American Airlines and other airlines are to require face coverings on passengers moving into the summer season. Summer vacations are as vital to the hospitality industry as Black Friday is to retail, so we’ll continue to see more announcements from companies trying to keep customers safe and ease concerns as they reopen or encourage consumer spending. One such development is the return of Nascar without fans. Returning to races isn’t too difficult a feat when you consider each driver is isolated in their own car and has a small pit crew team to aid them. With temperature checks and no fans, the events can be run effectively (and safely), giving sports fans and sports programming something to look forward to

Further north, Hong Kong and South Korea hit a significant milestone of no new community cases, and Prime Minister Boris Johnson, who just recovered from the virus himself, announced that Great Britain had passed its peak but won’t be relaxing social distancing measures anytime soon. But while the disease continues to sicken people around the world, the economic effects of the pandemic and lockdown threatens food security and the financial well being of millions of people, so returning to work is a necessity for nearly everyone.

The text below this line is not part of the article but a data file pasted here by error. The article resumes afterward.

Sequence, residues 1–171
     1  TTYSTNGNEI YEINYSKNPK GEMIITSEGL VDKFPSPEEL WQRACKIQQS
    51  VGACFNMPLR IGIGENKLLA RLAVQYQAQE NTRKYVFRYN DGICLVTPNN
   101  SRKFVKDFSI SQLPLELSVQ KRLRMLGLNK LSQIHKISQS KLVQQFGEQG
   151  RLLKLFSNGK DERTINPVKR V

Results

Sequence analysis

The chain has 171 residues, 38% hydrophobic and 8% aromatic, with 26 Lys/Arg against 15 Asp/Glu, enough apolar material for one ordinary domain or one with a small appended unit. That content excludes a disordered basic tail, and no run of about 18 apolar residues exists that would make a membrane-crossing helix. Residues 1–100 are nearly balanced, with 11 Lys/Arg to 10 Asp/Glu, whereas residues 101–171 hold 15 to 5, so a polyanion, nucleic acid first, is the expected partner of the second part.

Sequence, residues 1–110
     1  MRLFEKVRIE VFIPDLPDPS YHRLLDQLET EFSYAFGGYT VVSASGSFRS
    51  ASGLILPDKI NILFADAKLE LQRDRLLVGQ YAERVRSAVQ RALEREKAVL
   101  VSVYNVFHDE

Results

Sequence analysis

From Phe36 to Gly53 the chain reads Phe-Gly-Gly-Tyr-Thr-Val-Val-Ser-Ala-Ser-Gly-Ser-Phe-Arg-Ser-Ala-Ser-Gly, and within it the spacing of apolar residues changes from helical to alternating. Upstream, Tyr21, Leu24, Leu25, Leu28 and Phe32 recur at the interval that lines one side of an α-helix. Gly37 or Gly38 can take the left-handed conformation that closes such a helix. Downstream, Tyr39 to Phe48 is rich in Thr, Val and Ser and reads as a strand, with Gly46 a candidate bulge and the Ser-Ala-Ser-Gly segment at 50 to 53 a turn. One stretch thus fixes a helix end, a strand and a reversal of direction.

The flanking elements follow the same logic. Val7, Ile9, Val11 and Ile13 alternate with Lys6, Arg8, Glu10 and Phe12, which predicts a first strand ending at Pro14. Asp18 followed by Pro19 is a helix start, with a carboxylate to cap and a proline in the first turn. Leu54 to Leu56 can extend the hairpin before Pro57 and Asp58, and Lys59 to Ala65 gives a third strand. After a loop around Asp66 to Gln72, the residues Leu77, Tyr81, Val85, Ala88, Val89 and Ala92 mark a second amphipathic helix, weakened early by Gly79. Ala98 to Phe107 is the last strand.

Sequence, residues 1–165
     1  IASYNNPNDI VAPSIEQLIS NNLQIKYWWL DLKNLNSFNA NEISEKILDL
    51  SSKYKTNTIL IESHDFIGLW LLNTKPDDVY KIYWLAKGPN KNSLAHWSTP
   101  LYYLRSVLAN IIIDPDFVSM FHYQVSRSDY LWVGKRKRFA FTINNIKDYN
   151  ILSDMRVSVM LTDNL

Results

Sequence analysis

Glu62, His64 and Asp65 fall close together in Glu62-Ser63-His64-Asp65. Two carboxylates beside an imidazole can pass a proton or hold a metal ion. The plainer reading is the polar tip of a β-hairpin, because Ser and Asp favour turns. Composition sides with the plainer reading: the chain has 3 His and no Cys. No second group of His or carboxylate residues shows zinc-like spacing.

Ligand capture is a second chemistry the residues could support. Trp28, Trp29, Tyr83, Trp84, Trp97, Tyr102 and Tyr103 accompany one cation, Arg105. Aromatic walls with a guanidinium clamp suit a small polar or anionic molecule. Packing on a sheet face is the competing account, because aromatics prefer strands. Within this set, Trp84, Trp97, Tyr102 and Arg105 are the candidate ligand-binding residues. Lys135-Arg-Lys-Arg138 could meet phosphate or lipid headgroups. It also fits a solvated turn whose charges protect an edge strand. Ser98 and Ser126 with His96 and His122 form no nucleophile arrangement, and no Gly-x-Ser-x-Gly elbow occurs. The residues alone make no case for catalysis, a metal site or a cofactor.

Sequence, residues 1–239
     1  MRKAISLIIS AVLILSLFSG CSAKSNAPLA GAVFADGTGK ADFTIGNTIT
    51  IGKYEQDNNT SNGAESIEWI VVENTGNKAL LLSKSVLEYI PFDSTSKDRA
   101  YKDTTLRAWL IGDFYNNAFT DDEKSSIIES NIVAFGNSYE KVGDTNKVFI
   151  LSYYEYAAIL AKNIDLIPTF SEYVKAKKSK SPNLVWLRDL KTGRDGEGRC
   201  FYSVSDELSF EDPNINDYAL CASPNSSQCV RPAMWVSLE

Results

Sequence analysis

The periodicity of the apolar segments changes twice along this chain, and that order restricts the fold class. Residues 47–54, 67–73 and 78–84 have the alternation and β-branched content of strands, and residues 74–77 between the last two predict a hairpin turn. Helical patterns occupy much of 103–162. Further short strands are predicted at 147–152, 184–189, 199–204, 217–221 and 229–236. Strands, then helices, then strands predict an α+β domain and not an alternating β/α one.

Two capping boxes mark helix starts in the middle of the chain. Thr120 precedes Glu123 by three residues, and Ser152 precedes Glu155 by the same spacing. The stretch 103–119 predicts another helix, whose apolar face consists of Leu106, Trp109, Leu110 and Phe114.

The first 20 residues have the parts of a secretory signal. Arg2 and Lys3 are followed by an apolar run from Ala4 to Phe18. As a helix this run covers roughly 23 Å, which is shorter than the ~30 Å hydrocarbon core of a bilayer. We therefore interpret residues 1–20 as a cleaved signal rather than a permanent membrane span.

It’s for this reason that reopening the economy has become a political battleground for government officials heading into the 2020 Election, especially as unemployment claims hit 30M this week in the U.S. Workforces that are able to do so will be slow to return to the office — a place that will likely be redesigned to comply with social distancing. In digital and tech, returning to work will reportedly be “staggered and incremental” according to Google, and many other firms will likely follow the search giant’s lead. 

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Regardless of how work will look, public life will be full of change. As of now, the use of Mastercard’s contactless transactions increased over 40% in the quarter that ended in March, according to the company. “Our recent consumer insights indicate that habits are being created today,” Mastercard President Michael Miebach said on the company’s earnings call. “They will last beyond the current situation.”